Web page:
It’s often been noted that applying nudges and subtle changes can often lead to marginal gains. However some nudges seem to work in a transformational way similar to cultural memes, just like flicking a small switch on a national power grid. Often the nudges deliver exponential business returns compared to the cost and often seemingly just too good to be true. Yet they are empirically evidenced and have a p-score.
And we agree, all of this couldn’t be delivered without the brand having a cultural ambition.
But in our view, a cultural ambition adds up to just that, ambition, if you don’t have the empowered and engaged customer experience engine to deliver it.
We agree. There’s a role for boutique hedge fund shops in Charlotte Street and a role for pension fund immersive agencies and consultancies working inside organisations looking out.
There’s no divide in our view; instead brands need to be looking for multiplication.
Cultural x Customer Experience; is when you get it right.
Case studies: ideas in action
How working inside the AA’s marketing team unlocked incremental revenue
Oliver has been working with the AA for the last 2 years to help make its CRM and activation communications more efficient and effective. Because it has a team inside the AA, it’s uniquely placed to understand how to make things better from an operational point of view, as well as from a customer point of view. Its recent work on membership renewal is a good example.
The AA’s renewal programme is necessarily complex, given the diversity of its customer base. However, it was more cumbersome than it needed to be, as many hundreds of variants of letters and emails were being updated manually in Word.
Oliver helped the AA to streamline, template and automate the process, liberating 80% of the time previously required to run these campaigns. Oliver also overhauled the communications. It simplified long copy to focus on three key messages. It used nudge principles, such as attract and ease, to maximise response.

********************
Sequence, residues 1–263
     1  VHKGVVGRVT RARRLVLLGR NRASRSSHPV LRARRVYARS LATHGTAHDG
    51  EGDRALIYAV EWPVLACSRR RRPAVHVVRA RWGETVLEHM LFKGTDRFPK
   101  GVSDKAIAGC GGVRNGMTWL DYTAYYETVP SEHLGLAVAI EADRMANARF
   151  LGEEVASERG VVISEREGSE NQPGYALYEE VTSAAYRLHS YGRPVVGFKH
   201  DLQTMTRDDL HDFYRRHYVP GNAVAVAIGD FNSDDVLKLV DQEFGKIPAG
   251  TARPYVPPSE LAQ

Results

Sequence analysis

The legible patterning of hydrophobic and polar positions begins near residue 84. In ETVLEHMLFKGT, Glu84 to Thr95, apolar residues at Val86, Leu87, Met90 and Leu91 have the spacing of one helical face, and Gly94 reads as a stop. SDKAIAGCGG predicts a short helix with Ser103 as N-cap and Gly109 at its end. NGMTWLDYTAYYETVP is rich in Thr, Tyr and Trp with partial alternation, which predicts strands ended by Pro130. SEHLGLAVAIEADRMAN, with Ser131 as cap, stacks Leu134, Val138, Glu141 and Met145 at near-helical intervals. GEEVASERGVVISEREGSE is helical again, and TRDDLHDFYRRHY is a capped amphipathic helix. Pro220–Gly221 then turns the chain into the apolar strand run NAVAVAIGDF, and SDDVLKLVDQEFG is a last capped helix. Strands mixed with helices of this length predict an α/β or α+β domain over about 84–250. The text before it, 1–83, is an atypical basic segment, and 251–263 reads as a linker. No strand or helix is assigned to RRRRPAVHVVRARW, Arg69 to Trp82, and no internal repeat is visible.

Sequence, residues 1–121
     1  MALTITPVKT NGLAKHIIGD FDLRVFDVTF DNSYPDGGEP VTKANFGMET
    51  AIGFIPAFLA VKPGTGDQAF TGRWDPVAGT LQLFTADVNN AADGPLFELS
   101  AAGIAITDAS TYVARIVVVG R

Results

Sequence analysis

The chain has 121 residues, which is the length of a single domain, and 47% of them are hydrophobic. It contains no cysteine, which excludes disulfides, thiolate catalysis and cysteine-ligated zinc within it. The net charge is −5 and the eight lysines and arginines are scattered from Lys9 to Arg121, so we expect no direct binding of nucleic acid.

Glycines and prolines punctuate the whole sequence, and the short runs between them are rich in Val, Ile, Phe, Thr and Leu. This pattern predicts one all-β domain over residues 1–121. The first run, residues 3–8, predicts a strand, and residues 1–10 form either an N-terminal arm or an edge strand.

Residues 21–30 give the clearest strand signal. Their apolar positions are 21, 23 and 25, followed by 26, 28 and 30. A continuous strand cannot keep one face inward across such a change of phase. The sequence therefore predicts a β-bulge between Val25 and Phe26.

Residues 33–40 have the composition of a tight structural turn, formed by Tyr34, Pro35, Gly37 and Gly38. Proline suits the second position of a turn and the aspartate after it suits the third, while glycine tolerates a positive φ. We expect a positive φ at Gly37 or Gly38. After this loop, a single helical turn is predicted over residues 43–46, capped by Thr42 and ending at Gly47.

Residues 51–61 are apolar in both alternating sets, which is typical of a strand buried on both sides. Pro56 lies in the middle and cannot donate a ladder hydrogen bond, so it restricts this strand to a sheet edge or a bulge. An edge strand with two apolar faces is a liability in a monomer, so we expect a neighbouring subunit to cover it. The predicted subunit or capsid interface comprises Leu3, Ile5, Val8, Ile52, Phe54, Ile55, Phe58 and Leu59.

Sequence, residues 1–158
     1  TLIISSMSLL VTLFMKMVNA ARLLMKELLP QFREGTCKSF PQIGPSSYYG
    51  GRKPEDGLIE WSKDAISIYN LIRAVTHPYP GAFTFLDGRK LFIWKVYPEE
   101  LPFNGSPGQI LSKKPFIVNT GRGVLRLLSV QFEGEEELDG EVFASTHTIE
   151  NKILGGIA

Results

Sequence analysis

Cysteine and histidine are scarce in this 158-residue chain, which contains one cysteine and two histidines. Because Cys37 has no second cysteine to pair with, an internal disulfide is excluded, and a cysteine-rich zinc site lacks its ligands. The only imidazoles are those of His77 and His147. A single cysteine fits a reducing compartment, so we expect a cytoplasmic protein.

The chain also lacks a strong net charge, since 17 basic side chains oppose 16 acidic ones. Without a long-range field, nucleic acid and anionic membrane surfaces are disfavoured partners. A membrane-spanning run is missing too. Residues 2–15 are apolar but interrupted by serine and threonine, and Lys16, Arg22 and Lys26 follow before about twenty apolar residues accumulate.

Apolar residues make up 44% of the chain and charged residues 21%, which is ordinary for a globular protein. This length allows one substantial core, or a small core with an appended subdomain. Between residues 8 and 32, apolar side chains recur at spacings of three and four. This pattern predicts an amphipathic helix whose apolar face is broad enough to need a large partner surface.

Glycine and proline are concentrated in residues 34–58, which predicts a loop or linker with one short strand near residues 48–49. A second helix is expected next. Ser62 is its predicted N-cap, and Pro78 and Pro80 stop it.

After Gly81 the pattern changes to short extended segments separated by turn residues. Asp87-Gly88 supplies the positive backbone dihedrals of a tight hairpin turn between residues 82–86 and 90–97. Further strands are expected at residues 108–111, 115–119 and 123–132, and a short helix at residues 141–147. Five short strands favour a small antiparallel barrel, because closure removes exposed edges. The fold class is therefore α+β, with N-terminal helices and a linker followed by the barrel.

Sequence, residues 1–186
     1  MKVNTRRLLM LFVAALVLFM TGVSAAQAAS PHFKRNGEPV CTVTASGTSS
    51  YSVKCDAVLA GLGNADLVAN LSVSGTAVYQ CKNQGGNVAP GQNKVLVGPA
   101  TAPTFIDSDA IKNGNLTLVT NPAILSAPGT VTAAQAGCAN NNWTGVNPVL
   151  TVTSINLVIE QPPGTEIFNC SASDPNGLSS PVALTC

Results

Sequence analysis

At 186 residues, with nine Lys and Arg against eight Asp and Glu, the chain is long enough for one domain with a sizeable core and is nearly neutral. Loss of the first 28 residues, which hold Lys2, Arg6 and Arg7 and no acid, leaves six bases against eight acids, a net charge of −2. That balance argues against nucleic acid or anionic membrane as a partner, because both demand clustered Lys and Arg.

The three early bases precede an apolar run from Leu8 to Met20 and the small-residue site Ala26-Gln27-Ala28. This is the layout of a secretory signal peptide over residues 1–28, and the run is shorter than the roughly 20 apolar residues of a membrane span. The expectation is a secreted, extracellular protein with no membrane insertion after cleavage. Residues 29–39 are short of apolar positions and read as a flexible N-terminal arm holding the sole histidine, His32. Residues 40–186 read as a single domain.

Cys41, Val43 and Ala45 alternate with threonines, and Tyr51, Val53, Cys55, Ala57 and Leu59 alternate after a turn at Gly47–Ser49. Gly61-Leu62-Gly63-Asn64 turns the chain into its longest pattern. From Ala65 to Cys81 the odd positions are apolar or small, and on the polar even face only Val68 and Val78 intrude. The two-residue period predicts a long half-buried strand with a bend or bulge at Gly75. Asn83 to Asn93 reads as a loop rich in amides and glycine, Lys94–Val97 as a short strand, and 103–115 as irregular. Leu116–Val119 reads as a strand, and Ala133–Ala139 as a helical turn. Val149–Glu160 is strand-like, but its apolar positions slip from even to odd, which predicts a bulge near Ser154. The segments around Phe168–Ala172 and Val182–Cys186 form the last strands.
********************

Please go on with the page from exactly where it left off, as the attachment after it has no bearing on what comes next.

It rebranded the communications to create a consistent look and feel and tone of voice. Since launch, there’s been a significant uplift in response rates, which will equate to an annualised revenue increase for the AA well into seven figures, on top of the process efficiency gains.
Using behavioural economics to have better conversations with customers within Aegon Assist
Behavioural economics has many applications. In this instance, call centre agents were trained in the principles of behavioural economics and then 7 changes were made to the scripts they used in highly regulated and compliance checked calls. ‘Nudge’ principles such as chunking were used to transform long scripted conversations into dialogue around three key simple points.
The customer’s expectations of receiving funds were managed better as anchoring nudge principles shifted time horizons from up to 5-7 working days (which means 5 to most people) to up to 10 days. This way the funds were often received earlier than anticipated and customers no longer had the need to call to chase the agents and increasing the cost to serve.
We also used nudges around mental accounting and helped customers feel closer to their pensions by talking about ‘bringing your pots together’ rather than jargon filled terms and language such as pension consolidation and crystallisation.
Simply by changing the nature of conversations to include key phrases and reordering conversations based on psychological principles, the Net Promoter scores increased by +15 points, Quality Assurance rose by 14%, employee churn rate dropped by 75%, the assets on platform rose by 60% and the ROI vs Assets under Management was £37 : £1. The chance this being due to chance ( a p-score) was equivalent to 1 in 250,000.
Rachel Hatton is chief strategy officer of the Inside Ideas Group and Jez Groom is founder of behavioural economics consultancy, Cowry Consulting.